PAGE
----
Things don't go quite as planned and Zara ends up taking the largest sample available--Galahad himself. This snowballs into a number of events that introduce us to a whole slew of other character that for me were just a bit hard to keep up with at first.
There's plenty of good world building inserted in the narrative to help sort things out. The world is one where there are clones and mutants- both considered sub human. Galahad seems to fall somewhere in between all this. There are even Pro humanist extremest.
Zara is not fond of mutants because of tele-paths and em-paths and its no help for her that her friend Lucian Winter brings in his own em-path, Danyael, to help them when everything goes wrong. There are other surprisinge complications to this, but you'll have to read it to find out.
The list of important characters in this story keeps building, but it all works out quite well, though at the beginning there were some moments when I lost track of whose POV I was in. The POV thing may have just been me and I got used to it quick enough that it became a non-issue.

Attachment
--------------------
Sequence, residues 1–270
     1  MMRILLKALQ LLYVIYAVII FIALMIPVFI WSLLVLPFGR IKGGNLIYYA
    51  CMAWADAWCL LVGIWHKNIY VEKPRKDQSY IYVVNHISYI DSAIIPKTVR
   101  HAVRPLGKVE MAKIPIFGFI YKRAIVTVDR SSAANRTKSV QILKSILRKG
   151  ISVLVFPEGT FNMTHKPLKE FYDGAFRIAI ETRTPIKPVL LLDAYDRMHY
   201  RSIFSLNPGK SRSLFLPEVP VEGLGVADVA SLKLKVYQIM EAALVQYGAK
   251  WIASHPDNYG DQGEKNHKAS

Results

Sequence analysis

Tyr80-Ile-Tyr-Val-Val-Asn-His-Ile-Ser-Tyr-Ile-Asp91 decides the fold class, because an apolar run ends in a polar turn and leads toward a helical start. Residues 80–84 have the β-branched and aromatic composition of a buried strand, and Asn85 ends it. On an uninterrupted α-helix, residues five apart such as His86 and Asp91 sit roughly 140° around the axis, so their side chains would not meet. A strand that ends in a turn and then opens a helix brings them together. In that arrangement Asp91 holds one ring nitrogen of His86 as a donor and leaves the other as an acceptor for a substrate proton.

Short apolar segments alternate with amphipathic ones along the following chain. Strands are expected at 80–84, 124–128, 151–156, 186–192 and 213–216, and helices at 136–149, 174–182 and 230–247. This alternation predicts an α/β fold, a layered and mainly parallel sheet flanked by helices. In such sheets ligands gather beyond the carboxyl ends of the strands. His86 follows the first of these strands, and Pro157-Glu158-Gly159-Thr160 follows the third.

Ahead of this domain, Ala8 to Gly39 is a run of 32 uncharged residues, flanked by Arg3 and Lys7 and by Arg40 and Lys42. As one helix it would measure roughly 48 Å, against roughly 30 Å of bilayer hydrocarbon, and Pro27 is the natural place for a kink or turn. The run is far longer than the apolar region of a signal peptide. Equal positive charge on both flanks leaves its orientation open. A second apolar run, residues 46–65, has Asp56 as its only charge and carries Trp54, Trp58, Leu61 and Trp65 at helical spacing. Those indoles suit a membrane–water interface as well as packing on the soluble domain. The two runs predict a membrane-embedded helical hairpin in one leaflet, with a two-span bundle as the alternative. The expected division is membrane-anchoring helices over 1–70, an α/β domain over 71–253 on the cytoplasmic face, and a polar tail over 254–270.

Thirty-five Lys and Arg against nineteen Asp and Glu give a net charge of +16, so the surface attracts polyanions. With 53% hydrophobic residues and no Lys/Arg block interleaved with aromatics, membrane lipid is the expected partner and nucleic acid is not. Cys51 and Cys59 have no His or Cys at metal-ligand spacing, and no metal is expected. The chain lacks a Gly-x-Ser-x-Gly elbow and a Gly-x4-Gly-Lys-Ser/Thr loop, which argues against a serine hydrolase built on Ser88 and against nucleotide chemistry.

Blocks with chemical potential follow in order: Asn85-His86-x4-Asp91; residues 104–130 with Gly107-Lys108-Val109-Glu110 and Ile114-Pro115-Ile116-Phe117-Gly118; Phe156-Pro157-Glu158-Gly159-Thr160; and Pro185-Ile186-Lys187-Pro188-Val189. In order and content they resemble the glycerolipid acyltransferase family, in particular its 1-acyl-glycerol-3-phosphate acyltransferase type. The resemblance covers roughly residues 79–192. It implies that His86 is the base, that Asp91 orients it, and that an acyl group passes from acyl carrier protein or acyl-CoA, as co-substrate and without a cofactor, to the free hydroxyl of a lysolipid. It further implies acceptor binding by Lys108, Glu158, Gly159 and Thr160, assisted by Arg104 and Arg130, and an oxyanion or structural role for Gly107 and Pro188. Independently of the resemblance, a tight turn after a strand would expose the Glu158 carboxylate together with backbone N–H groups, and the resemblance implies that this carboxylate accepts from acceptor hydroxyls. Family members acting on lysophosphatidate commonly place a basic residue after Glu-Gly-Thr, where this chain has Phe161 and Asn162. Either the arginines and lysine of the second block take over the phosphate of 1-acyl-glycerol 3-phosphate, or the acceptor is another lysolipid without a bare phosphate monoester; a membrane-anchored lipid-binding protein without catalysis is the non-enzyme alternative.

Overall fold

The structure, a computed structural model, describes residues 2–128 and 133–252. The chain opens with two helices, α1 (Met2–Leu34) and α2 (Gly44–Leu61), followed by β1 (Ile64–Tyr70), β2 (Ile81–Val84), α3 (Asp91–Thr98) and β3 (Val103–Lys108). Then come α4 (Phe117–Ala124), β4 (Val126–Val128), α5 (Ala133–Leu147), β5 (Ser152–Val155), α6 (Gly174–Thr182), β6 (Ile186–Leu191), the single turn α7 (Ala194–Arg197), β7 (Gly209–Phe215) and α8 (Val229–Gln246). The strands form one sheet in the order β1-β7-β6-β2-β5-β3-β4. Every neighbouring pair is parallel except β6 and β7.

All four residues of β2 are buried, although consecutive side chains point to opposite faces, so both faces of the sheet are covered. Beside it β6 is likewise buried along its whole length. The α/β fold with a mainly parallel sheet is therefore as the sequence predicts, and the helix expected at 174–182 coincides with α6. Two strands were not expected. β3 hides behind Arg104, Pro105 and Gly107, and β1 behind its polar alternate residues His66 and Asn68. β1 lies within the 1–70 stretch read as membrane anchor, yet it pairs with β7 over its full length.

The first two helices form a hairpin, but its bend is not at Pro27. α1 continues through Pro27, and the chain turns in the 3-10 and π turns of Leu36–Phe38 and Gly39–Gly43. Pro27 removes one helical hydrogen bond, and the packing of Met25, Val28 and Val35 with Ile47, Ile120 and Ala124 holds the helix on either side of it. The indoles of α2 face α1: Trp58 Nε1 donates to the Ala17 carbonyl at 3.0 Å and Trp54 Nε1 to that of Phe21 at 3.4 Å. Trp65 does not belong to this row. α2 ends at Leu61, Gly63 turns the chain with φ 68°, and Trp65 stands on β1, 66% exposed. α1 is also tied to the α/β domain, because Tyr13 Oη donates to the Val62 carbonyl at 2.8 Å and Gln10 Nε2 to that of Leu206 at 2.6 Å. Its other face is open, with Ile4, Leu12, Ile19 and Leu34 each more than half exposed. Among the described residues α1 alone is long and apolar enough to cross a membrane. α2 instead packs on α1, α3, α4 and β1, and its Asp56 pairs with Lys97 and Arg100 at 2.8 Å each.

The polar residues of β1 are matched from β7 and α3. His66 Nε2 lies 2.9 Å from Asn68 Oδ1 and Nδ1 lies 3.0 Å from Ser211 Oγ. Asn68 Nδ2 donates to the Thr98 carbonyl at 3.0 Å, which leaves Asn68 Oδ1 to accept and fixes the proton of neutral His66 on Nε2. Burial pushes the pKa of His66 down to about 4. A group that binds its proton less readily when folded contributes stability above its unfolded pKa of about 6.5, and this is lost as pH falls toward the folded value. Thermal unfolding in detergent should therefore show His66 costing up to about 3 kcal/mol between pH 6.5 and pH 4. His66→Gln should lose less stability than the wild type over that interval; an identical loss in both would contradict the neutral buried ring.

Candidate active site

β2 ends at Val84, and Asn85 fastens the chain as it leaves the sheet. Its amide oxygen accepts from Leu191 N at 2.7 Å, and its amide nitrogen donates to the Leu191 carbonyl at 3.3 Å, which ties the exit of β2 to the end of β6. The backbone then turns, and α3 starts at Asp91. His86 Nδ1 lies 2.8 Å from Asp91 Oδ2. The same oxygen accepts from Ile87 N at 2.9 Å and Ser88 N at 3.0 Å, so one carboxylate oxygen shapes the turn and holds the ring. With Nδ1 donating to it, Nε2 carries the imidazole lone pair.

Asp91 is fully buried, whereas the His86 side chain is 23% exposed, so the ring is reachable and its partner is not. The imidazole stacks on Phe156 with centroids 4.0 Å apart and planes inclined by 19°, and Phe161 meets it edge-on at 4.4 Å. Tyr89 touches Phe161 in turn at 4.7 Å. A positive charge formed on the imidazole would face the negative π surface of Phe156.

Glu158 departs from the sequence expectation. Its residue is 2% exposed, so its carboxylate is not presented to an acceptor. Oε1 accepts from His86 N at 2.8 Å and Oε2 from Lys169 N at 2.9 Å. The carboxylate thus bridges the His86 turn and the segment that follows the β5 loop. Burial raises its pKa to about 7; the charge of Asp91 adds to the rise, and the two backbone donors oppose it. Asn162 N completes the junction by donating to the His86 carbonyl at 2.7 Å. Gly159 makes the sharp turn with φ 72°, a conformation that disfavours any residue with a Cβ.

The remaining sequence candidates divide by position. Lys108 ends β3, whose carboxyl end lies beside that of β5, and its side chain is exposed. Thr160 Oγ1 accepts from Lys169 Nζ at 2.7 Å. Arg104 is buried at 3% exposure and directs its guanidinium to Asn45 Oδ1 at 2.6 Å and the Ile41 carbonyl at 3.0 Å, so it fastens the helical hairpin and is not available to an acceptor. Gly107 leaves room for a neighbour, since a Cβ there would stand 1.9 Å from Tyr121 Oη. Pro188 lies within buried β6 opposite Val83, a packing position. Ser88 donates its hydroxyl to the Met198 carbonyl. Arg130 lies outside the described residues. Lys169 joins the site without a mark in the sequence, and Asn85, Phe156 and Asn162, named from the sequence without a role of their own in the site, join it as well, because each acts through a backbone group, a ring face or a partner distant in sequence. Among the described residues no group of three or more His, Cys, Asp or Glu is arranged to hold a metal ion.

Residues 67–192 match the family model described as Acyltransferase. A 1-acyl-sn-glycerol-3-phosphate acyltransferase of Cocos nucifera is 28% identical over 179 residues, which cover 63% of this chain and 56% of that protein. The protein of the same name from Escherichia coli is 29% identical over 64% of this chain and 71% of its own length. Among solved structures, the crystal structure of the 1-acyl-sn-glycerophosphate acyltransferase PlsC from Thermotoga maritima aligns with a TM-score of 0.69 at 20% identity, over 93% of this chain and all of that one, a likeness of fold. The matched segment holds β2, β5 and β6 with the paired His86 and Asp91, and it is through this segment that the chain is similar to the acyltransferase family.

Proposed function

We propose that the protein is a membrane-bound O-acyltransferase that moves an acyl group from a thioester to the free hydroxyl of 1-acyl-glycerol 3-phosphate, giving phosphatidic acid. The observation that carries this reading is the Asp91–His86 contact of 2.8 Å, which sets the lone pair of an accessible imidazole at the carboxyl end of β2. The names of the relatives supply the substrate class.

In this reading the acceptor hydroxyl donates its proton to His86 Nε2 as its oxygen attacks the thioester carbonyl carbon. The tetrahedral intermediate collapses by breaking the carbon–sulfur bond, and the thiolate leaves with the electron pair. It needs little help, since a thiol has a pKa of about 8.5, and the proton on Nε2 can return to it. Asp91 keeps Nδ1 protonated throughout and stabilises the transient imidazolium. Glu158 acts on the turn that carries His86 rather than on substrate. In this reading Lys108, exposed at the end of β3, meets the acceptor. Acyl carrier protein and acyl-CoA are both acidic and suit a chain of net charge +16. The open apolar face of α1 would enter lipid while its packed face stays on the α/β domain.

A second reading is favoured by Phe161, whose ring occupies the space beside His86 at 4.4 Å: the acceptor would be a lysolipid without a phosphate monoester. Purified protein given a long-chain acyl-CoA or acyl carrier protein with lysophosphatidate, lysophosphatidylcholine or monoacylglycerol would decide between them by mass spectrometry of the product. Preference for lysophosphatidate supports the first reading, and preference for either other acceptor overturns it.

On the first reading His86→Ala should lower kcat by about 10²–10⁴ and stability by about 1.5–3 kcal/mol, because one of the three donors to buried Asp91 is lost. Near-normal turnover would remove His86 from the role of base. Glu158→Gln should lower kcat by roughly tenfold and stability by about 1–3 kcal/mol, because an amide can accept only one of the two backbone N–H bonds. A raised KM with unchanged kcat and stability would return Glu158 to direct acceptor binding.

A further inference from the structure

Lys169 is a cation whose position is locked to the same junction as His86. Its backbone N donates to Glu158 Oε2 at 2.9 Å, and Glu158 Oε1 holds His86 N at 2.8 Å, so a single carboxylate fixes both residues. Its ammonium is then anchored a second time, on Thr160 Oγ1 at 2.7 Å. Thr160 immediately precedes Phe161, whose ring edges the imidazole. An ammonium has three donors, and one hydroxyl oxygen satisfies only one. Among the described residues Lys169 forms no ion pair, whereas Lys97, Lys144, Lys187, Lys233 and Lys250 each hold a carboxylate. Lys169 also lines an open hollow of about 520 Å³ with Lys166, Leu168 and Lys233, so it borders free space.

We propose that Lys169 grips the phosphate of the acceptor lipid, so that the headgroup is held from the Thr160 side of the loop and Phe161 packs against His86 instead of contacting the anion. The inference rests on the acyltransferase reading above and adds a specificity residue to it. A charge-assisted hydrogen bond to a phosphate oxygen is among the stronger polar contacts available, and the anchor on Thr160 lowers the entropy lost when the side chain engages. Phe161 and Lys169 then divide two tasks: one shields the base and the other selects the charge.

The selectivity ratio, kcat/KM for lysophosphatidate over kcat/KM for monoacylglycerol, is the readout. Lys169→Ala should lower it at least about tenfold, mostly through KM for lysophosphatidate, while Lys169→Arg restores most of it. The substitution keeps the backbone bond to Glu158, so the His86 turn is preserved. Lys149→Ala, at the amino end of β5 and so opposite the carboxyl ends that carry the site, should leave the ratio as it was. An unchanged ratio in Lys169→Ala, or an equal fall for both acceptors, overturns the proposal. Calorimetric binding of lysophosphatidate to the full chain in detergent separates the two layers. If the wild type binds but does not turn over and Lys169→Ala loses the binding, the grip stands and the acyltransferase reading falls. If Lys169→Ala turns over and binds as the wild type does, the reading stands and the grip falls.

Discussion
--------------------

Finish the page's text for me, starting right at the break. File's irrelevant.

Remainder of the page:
I found a lot of familiar elements in this story. Lucian reminded me of the rich and discerning quietly helpful protagonist that always showed up in Robert Heinlein's work.
The relationship between the Pro human movement and the scientist had shades of twelve monkey's written all all over it.
The mutant and clone situation was reminiscent of X-men and other comic fiction, which may help account for the cast of thousands and many protagonists throughout.
I found many of the plot elements to be predictable while at the same time there were moments of wow when Jade takes us in another direction than expected.